Are you trying to decide between using a credit union or a bank?
Deciding who to trust with your money isn’t always an easy decision, and there are many different factors you need to consider to get the best experience.
As you research your options, you might be wondering what the difference is between a bank and a credit union and which one will help you reach your financial goals. Here are seven things you need to consider as you’re weighing credit unions vs banks:
1. Understand Ownership
One of the key differences between banks and credit unions is who owns them. Banks are for-profit institutions that investors own. Credit unions are not-for-profit, and members own them.
This is important to consumers because, while banks need to profit every year for their investors, credit unions do not. This typically means you’ll save money on fees and see lower interest rates when you join a credit union.
2. See If You’re Eligible
Because you have to join a credit union, some of them limit their membership. For example, you may have a credit union that only serves a particular company, industry, or local area. Anyone can open an account at a bank at any time.
3. Decide What Products and Services You Need
Since credit unions are often smaller than banks, they typically offer fewer services, especially commercial banking. For example, if you’re looking to take out a business checking account, you may want to consider a bank rather than a credit union.
4. Check Insurance and Protections
Both banks and credit unions are qualified to protect your money. All banks in the U.S. must be insured by the Federal Deposit Insurance Corp (FDIC), while the National Credit Union Administration (NCUA) backs credit unions. Before you apply for an account with any bank or credit union, check with these organizations to make sure they are legitimate.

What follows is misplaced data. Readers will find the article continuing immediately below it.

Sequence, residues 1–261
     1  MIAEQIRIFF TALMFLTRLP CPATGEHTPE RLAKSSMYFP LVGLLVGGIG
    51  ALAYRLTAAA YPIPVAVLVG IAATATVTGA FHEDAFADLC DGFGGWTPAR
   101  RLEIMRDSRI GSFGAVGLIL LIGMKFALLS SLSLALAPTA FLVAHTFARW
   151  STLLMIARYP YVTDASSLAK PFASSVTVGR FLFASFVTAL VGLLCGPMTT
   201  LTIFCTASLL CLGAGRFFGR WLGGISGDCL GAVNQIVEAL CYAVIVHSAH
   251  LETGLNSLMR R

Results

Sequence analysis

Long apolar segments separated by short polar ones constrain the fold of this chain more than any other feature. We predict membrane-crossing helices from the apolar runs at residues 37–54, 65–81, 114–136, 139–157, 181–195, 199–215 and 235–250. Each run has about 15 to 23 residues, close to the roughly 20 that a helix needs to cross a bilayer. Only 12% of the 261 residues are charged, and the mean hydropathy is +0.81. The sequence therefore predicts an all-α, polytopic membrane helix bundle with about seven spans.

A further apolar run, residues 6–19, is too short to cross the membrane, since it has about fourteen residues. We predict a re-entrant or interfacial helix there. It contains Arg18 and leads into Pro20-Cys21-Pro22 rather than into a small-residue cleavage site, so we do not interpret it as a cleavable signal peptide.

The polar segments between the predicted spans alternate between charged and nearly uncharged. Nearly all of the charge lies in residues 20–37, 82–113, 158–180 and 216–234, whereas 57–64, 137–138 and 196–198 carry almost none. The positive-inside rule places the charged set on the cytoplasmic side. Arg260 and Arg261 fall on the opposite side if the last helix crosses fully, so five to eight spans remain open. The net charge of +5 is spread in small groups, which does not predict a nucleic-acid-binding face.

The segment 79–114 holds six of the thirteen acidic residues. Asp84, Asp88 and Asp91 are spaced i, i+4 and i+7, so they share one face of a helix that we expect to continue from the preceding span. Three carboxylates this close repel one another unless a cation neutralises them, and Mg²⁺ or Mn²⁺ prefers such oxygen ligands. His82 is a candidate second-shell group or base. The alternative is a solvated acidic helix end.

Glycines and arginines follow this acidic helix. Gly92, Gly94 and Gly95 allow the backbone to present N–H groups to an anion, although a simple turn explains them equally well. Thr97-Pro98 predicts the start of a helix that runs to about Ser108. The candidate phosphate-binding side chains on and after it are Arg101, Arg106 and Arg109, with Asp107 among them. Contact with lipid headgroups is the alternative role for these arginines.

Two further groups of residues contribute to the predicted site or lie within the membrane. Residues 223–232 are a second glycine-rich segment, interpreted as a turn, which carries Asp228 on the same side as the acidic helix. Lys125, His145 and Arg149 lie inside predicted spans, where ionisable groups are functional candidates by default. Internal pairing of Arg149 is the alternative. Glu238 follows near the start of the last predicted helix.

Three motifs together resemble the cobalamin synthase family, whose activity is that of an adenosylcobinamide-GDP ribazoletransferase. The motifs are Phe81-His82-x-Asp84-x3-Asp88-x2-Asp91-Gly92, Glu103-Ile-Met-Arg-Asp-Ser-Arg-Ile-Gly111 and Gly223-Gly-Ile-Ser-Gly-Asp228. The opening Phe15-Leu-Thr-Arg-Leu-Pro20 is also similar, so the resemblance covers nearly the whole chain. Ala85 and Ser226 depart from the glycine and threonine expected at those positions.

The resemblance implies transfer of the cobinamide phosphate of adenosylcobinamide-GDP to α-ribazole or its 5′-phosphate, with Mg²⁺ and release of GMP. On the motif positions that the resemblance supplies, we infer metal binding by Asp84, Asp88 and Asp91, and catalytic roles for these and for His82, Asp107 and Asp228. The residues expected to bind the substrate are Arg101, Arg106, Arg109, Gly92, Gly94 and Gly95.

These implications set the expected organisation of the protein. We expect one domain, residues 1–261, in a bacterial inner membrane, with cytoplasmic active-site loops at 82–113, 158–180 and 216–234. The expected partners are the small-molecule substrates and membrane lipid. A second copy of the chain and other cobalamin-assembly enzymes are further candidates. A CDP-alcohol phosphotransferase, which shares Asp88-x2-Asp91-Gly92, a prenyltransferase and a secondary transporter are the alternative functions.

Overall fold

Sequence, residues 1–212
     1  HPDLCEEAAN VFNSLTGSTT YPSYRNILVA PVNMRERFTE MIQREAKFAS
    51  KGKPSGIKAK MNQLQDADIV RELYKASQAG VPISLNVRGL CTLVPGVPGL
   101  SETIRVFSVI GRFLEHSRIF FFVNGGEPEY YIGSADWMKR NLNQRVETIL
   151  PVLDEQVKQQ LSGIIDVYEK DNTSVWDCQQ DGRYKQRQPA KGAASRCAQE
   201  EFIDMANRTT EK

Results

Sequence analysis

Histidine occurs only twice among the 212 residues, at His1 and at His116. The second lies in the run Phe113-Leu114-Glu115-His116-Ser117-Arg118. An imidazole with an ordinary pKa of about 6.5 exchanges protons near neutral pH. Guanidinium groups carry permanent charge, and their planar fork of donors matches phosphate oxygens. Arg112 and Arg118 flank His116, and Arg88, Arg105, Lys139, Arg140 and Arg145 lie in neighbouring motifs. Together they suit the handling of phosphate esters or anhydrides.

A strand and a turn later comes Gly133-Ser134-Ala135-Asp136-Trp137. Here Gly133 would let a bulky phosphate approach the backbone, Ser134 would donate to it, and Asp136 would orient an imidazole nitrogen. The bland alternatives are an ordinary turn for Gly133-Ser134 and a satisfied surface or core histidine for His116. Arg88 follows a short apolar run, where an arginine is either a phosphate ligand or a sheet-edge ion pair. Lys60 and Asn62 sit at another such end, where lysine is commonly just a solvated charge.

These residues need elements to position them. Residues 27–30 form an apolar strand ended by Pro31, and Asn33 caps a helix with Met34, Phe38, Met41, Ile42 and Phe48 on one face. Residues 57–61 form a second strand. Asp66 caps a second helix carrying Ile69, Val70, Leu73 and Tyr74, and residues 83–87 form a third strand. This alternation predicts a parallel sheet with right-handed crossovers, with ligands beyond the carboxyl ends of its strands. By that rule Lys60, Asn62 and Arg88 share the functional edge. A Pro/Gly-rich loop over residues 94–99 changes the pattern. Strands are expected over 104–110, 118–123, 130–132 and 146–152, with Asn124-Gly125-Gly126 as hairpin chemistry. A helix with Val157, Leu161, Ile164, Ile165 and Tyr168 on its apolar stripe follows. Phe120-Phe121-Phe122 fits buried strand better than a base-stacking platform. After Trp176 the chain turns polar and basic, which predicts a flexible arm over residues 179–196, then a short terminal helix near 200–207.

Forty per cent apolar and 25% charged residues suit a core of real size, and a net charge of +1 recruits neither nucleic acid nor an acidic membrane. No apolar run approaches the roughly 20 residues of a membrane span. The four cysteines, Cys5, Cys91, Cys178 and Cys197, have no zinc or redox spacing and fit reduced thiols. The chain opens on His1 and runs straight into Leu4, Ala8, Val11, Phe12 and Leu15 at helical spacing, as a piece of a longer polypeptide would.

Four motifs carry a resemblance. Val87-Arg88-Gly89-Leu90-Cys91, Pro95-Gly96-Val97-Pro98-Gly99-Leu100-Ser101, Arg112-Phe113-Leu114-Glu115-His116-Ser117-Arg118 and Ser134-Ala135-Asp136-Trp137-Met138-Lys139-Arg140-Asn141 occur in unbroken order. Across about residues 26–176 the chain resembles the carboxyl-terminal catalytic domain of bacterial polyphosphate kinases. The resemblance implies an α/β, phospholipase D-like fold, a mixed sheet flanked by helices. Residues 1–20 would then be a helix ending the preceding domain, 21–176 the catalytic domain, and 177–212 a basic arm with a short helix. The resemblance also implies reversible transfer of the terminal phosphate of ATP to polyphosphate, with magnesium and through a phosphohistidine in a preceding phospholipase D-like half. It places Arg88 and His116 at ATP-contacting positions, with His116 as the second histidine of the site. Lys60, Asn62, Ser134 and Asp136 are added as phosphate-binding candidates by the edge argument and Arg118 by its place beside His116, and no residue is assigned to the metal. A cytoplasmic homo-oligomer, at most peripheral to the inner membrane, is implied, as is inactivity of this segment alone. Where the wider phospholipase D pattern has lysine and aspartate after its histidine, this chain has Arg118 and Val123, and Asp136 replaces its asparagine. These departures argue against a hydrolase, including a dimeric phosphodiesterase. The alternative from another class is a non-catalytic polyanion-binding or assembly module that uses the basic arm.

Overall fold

5. Test the Customer Service
Before choosing a bank or credit union, call them, and ask questions to understand how they provide customer service. A locally owned and operated credit union may provide better customer service than a large national bank chain, however, this will vary.
Since credit unions are owned by their members, they want to ensure their members are satisfied and have a bigger incentive to provide quality service.
6. Look Up the Number of Locations
Again, since banks are typically larger institutions, they will likely have more locations to serve you. A local credit union may only have one or two locations in your area, which could be an issue if you’re traveling and need assistance.
7. Consider Online Banking and Technology
If you love pulling out your phone and accessing your account information in a matter of seconds, you must ask about what technology your potential bank or credit union can offer. National banks often have more resources and money to develop user-friendly technology tools, but a credit union may have everything you need.
Get More Information on Credit Unions vs Banks
Deciding on the credit unions vs banks debate isn’t always easy, and sometimes people will use both to best suit their needs. Check out the rest of our website for more helpful information as well as more personal finance tips.